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Chapter 2

ACTG 2020 Chapter Notes - Chapter 2: Fixed Cost, Management Accounting, Opportunity Cost


Department
Accounting
Course Code
ACTG 2020
Professor
Claudine Dufrene
Chapter
2

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Chapter 2 Notes: ACTG2020
One of the most important tasks of managerial accounng is to determine the cost of products,
services, customers, and other items of interest to managers.
A cost is the (monetary) sacrice made to achieve a parcular purpose (develop a product / a
program…).
An expense is the cost incurred when an asset is used up or sold to generate revenue. (An
investment) Past event
Revenue per unit is called price
Cost and price are NOT the same; revenue and price ARE the same
oPrice must be > Cost for the rm to earn income
Income statement: Revenues – Expenses = Prot
Accumulang Costs: way that costs are measure and recorded
Assigning Costs: wat that a cost is linked to some cost object
Cost Object: any item such as a product, service, customer, department, project, geographic
region, plant, and so on, for which costs are measured and assigned
Opportunity Cost: a benet given up or sacriced when one alternave is chosen over another)
Types of costs:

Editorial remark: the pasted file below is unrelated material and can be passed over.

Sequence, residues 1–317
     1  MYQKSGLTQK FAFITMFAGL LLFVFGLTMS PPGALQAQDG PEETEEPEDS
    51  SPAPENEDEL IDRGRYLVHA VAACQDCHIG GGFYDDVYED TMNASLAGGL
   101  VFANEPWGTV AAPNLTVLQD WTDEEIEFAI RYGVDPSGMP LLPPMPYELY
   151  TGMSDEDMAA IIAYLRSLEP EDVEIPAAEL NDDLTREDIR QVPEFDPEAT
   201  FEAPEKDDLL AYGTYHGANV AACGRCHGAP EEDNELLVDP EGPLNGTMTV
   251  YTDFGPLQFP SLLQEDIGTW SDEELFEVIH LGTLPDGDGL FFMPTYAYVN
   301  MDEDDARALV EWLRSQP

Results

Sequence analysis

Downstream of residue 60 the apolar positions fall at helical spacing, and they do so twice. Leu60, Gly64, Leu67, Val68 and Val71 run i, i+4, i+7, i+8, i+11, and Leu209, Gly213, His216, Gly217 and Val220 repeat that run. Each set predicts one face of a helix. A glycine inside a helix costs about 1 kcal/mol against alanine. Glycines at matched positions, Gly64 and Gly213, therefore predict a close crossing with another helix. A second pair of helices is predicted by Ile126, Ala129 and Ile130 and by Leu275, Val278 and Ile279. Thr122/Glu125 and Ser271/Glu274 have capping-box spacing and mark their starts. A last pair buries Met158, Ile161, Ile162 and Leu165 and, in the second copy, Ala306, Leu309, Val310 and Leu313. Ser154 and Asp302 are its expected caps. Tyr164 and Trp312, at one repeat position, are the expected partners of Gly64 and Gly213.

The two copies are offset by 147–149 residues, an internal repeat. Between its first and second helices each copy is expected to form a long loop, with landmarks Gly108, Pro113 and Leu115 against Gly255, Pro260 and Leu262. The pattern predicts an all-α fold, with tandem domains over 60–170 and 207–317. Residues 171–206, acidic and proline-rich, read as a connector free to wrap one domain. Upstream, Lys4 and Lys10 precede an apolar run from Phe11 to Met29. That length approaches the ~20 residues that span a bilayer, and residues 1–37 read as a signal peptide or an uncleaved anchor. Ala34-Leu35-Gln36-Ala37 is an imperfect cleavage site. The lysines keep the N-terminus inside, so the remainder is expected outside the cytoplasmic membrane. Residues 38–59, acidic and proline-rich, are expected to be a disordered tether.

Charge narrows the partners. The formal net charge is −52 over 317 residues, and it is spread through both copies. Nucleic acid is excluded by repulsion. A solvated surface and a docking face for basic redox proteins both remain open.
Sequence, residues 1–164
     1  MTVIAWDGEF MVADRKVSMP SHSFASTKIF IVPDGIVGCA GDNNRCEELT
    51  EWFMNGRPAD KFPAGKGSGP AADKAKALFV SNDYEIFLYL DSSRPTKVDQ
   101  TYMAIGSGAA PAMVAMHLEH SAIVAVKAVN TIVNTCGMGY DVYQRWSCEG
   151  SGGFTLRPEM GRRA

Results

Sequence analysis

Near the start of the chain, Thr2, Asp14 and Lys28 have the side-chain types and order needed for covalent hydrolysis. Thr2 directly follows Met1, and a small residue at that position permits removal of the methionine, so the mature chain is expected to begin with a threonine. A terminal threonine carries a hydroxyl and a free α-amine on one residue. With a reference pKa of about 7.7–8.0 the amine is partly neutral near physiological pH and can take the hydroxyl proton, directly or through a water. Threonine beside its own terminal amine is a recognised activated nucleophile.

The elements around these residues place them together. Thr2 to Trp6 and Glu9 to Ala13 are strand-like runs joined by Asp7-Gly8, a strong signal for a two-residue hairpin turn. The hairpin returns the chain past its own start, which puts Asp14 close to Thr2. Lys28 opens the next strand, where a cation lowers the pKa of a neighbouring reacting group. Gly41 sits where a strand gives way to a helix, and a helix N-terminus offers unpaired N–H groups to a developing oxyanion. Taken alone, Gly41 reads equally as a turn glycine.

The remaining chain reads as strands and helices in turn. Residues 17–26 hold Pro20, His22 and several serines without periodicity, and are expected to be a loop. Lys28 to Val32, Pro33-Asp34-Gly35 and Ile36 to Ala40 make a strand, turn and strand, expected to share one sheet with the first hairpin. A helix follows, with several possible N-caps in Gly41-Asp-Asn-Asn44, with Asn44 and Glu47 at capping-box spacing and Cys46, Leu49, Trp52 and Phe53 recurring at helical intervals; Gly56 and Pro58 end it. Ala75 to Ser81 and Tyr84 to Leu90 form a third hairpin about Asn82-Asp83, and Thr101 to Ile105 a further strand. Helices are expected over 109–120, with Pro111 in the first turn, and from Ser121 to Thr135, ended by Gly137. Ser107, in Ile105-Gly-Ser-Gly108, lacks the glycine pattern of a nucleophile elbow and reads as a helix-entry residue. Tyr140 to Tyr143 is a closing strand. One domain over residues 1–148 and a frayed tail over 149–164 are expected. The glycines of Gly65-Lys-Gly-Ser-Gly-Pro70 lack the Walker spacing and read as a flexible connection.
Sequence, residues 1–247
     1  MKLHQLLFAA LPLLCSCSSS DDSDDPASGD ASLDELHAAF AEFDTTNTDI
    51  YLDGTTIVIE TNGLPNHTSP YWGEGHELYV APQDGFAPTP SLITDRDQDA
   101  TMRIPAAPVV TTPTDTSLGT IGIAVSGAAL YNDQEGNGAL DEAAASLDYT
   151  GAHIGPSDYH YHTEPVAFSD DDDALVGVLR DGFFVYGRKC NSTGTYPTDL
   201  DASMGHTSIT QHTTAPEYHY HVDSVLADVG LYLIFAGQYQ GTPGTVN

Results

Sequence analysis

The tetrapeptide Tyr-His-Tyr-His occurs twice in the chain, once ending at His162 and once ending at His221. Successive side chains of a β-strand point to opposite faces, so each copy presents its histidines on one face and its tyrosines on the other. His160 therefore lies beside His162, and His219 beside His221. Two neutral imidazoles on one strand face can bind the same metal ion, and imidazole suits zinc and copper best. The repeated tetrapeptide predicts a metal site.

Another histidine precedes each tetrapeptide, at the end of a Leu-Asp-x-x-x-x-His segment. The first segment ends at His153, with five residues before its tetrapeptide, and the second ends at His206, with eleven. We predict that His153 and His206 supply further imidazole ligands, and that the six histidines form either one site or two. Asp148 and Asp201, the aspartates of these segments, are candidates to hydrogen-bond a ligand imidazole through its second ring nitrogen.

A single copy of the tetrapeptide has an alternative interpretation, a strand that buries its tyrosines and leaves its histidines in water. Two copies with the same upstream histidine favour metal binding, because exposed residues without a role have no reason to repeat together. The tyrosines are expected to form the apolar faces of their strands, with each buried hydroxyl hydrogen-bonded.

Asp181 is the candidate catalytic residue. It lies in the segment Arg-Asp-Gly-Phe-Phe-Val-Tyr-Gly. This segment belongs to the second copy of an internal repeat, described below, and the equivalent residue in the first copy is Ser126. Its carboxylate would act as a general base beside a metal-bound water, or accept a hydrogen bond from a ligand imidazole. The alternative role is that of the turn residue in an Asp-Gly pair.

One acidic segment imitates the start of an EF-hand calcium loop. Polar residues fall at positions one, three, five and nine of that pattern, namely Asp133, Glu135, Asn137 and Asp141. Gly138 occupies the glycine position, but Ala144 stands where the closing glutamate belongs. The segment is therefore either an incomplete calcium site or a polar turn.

oDirect/Indirect
oPrime
oConversion
oProduct/Period
oVariable/Fixed
oMixed
oSelling
oAdministrave
A direct cost is one that can be easily traced to a cost object (Eg.the salary of a worker making
the soap).
An indirect cost is a cost that cannot be easily traced to a cost object (CEO’s salary).
Allocaon means that an indirect cost is assigned to a cost object by using a reasonable and
convenient method. Since no clearly observable causal relaonship exists, allocang indirect
costs is based on observaons and/or assumed causal linkages.
None-value-added-system (These are the costs of acvies that can be eliminated with no
deterioraon of product quality, performance, or perceived value)
A cost management system traces costs to objects that caused them, so that managers can
isolate responsibility for spending and objecvely evaluate operaons.
Total Variable Costs move in direct proporon to a change in acvity.
oFor example, the total cost of raw material for soaps goes up in proporon to the
number of soaps produced.
Total Fixed Costs remain constant in total as the level of acvity changes.
oFor instance, property taxes for the manufacturing facilies remains the same whether
100 soaps or 1,000 soaps are produced.
Product costs
oAssociated with the manufacturing of goods or the provision of services
Non producon costs
oAll other costs
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